Anthropopatheia is the name of the figure used to describe the ascription of human passions, actions, or attributes to God. Interestingly enough, at the time Bullinger was writing his Figures, another term for this was Condescension. Readers of the BoM will be familiar with the idea. Anyway, consider Gen 22:7
One of the interesting things about reading the last half of the NT is seeing how each author seems to “open up” OT language about God in order to include Christ. Since this is Creation Week at FPR, I thought I’d contribute a little something on the way the NT talks about Christ and creation.
Although the majority of our information about the historical Jesus comes from the Gospels, these sources cannot be used without care. They do not agree among themselves on matters important to the historian, large or small. How, then, shall we make our decisions?
The expression “for Christ’s sake” occurs four times in the Authorized Version of the New Testament. Three instances occur in the authentic Pauline letters (Rom 15:30-31, 1 Cor 4:10, and 2 Cor 12:10), while one is in Eph 4:32. Very similar expressions such as “for Jesus’ sake,” or “for his name’s sake,” or “for the gospel’s sake” may also be found. For the moment, let’s look at the expression in Romans:
One way to approach the hard historical and theological questions about the reality and significance of Jesus is through a construct called the “historical Jesus.” Since there are few other sources, most of our information comes from the Gospels. How do the they stack up?
Ol’ Sam was a little amazed to note that the lesson for this week included no biblical passages on the preexistence of Jesus. Sounds like a natural opportunity to complement the existing lesson, so here we go…
From Yahoo News — Original title “Did Jesus Exist? Italian Court to Decide”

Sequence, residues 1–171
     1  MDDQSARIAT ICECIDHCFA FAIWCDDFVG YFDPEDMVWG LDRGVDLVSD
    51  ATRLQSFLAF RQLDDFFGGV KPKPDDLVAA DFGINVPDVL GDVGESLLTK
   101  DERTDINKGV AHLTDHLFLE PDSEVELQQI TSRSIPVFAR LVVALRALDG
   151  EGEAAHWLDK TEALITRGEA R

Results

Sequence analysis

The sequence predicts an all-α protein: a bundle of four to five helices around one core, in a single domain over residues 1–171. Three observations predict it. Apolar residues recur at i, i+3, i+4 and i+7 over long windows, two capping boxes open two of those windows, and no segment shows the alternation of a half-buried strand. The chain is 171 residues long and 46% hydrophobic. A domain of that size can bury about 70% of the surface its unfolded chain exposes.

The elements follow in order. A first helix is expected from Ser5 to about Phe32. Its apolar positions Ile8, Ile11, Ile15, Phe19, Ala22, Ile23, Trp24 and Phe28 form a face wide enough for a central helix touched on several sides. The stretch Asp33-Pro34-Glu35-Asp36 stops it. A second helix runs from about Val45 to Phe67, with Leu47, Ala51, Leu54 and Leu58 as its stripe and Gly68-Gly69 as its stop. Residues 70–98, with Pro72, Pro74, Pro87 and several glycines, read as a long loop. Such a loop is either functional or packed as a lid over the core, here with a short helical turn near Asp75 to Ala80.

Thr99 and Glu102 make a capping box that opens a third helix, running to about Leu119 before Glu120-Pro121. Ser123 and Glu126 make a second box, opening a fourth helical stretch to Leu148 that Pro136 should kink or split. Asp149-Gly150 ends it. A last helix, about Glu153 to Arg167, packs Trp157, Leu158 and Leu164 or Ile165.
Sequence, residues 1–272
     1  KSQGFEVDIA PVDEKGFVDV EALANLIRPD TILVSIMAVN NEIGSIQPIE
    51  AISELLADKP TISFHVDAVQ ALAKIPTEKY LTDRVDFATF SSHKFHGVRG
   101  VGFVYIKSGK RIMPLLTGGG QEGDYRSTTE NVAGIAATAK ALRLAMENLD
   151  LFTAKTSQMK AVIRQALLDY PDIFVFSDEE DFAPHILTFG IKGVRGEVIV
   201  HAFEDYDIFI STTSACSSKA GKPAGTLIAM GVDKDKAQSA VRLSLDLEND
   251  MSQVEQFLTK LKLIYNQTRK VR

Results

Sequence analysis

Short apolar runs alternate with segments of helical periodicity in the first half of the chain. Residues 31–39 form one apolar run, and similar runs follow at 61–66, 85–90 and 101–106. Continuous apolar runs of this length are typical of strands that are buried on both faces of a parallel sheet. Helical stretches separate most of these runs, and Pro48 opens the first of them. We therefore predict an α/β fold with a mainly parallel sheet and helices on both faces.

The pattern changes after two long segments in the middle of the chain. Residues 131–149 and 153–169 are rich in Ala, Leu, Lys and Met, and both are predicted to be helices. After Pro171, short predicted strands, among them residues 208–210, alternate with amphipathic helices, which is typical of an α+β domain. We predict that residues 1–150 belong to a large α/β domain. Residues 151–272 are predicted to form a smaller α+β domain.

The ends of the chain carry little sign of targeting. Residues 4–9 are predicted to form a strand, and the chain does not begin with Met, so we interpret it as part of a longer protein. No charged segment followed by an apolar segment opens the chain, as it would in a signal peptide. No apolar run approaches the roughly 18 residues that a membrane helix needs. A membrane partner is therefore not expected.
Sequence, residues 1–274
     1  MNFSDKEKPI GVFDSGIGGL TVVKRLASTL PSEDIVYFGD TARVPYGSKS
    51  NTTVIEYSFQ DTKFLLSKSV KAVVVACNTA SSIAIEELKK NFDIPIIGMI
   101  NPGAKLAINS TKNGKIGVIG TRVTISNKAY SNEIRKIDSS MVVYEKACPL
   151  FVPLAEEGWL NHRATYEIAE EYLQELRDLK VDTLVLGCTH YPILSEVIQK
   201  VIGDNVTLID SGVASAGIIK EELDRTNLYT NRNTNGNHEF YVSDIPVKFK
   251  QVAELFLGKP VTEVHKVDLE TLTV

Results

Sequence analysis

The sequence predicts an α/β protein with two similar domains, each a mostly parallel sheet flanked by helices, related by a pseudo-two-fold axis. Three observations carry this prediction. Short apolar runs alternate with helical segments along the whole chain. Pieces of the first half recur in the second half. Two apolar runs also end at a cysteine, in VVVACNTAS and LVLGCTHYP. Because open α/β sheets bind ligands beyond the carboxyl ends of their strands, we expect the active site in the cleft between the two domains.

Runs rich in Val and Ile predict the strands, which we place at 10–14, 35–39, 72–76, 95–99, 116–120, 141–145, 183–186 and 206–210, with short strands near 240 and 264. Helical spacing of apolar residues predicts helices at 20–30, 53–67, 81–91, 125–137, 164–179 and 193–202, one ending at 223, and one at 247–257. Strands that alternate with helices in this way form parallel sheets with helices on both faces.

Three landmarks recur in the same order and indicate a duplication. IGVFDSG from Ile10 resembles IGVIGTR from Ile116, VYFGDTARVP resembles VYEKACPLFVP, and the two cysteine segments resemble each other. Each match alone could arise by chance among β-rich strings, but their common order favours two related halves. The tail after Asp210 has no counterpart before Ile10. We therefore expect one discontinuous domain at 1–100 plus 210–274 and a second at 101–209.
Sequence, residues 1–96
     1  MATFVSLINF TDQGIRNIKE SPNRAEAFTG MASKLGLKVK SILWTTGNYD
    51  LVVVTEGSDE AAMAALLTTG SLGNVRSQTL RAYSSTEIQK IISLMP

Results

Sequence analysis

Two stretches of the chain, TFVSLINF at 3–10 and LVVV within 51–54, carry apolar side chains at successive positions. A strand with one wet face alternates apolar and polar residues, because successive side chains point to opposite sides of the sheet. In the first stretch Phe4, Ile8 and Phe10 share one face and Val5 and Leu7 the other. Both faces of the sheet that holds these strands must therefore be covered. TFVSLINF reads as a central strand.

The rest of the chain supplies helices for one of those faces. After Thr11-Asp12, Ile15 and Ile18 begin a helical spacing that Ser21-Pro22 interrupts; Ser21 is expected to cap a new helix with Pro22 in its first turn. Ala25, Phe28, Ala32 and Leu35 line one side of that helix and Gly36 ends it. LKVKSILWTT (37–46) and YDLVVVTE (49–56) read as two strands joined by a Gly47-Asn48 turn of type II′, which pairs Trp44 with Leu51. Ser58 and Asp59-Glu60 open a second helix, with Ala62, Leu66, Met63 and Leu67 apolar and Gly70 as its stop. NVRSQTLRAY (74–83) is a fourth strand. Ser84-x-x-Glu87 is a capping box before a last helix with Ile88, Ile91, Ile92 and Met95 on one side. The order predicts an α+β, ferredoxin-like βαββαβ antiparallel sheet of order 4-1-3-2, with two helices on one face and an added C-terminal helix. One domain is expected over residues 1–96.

Forget the U.S. debate over intelligent design versus evolution.
An Italian court is tackling Jesus — and whether the Roman Catholic Church may be breaking the law by teaching that he existed 2,000 years ago.
One way to better appreciate the impact of biblical prose is through attention to the so-called classical figures. The “standard” reference work for biblical figures is E.W. Bullinger’s Figures of Speech Used in the Bible. Bullinger’s work, originally published in 1898 and since reprinted, contains sections on 217 different figures, some with more than 30 variations.
Since the Enlightenment, folks have been asking hard historical and theological questions about the reality and significance of Jesus. One of the means by which those questions are dealt with to the standards of a post-Enlightenment world is a construct called “the historical Jesus.” The activity behind this is usually called “the quest for the historical Jesus,” or simply “the quest.”
Yesterday I noticed that the map “Jerusalem in Jesus’ Time,” bound as Map 17 in my LDS Bible, shows two locations for the crucifixion of Jesus. I don’t know if the folks who included this map knew what they were doing, but in keeping with the Easter themes that have distinguished FPR during this Christmas season, I thought I’d have a say.